During the war several hundred men and women from the countries occupied by Germany were forced into labour for the armament factories of the city and housed, among other places, here in Güstrower Castle shown then and today. During the Soviet occupation the secret police (NKVD) kept a prison here on the Schlossberg where several Güstrower citizens were interrogated and probably executed. In May 1946, several members of the volunteer fire department from the ages of 15 to 23 were arrested, years after the claim of belonging to the supposed "werewolf" resistance movement. They were later taken to the Soviet Special Camp No.. 7 in Sachsenhausen, where several of them died.


Heiligendamm
The ‘white town on the sea’ is Germany’s oldest seaside resort, founded in 1793 by Mecklenburg duke Friedrich Franz I and fashionable throughout the 19th century as the playground of nobility. Since 2003 it was reborn with the opening of the exclusive Kempinski Grand Hotel Heiligendamm which accommodated US President George W Bush on a state visit and hosted a G8 summit in 2007. Perhaps fittingly, it hosted Hitler a few decades earlier.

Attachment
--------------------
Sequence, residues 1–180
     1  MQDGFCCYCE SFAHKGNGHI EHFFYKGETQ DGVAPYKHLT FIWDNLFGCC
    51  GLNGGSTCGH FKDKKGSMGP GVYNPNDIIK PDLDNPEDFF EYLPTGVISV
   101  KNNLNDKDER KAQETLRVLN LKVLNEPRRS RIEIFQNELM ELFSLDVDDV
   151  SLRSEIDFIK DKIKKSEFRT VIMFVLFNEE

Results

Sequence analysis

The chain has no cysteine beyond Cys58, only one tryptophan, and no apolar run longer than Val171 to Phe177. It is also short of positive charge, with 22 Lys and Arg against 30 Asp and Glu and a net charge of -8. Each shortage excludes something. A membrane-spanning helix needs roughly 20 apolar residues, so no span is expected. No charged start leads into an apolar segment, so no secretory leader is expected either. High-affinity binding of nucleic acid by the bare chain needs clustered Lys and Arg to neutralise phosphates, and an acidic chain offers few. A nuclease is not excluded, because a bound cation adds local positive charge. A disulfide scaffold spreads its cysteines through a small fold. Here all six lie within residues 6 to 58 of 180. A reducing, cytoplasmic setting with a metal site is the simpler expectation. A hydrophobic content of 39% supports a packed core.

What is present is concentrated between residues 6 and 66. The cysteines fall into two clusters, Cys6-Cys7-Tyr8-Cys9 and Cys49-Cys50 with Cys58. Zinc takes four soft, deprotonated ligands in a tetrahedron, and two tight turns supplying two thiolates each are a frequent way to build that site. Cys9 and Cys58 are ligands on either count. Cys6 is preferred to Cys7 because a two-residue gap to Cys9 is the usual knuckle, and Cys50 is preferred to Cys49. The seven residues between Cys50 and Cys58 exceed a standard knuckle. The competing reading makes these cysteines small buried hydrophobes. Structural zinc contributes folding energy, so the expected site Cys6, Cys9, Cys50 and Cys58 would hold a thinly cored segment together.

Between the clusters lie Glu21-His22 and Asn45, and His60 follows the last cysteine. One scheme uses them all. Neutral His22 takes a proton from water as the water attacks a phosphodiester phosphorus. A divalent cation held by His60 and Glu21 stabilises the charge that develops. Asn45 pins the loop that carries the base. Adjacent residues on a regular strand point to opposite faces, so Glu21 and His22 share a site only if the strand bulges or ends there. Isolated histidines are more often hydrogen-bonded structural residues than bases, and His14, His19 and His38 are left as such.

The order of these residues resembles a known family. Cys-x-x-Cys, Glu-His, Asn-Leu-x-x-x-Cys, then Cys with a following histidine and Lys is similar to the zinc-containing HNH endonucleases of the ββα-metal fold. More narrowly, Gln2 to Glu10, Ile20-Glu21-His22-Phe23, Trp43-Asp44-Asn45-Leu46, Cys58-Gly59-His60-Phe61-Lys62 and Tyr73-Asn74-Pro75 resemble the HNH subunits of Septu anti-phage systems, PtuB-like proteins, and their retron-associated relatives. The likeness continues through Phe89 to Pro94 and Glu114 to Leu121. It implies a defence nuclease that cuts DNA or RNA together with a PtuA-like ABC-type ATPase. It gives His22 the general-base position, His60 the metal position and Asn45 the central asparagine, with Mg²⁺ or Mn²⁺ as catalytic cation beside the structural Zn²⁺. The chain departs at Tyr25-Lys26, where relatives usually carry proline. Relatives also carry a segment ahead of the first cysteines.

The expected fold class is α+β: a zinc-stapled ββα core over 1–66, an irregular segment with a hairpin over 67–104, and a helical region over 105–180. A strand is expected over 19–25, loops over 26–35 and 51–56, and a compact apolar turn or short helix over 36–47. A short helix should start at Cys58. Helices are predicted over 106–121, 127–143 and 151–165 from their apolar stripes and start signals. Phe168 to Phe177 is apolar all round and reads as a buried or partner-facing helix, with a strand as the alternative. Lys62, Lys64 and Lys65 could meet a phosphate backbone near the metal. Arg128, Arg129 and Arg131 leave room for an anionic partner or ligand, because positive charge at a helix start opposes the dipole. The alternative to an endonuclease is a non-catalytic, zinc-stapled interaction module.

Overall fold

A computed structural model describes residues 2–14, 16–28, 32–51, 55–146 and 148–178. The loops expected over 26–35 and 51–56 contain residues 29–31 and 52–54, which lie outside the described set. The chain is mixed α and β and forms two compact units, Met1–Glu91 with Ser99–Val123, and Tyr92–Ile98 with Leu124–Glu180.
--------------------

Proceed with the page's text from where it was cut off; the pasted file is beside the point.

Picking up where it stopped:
Hitler on the pier, and as it appears today
In Irving describes a number of occasions where Hitler and Goebbels vacationed here, once with Leni Riefenstahl to whom the latter's wife 
told her privately that she had only married Dr Goebbels so as to be near to Hitler. What of Leni’s politics? ‘She is the only one of all the stars,’ wrote Goebbels that summer, ‘who understands us.’Her name often cropped up in the diary, and in mid August she spent the night at Heiligendamm with the Goebbels’ again. (313)
Hitler and Goebbels with the latter's children in 1935. Another instance Irving relates is when
Goebbels and Hitler drove up to Heiligendamm. ‘Putzi’ Hanfstaengl, who had just returned from America, found them there. ‘Hitler,’ he wrote years afterwards, ‘had a flushed, evil look, as though gorged on the blood of his victims.’ It was not a pleasant vacation. The crowds gawped and cheered them wherever they went, and they had to break off their stay. (349)

The resort then and now
Sylt


 The Hotel Stadt Hamburg with swasika flag behind in a 1940s postcard and today, unchanged


Demmin (Mecklenburg-Western Pomerania)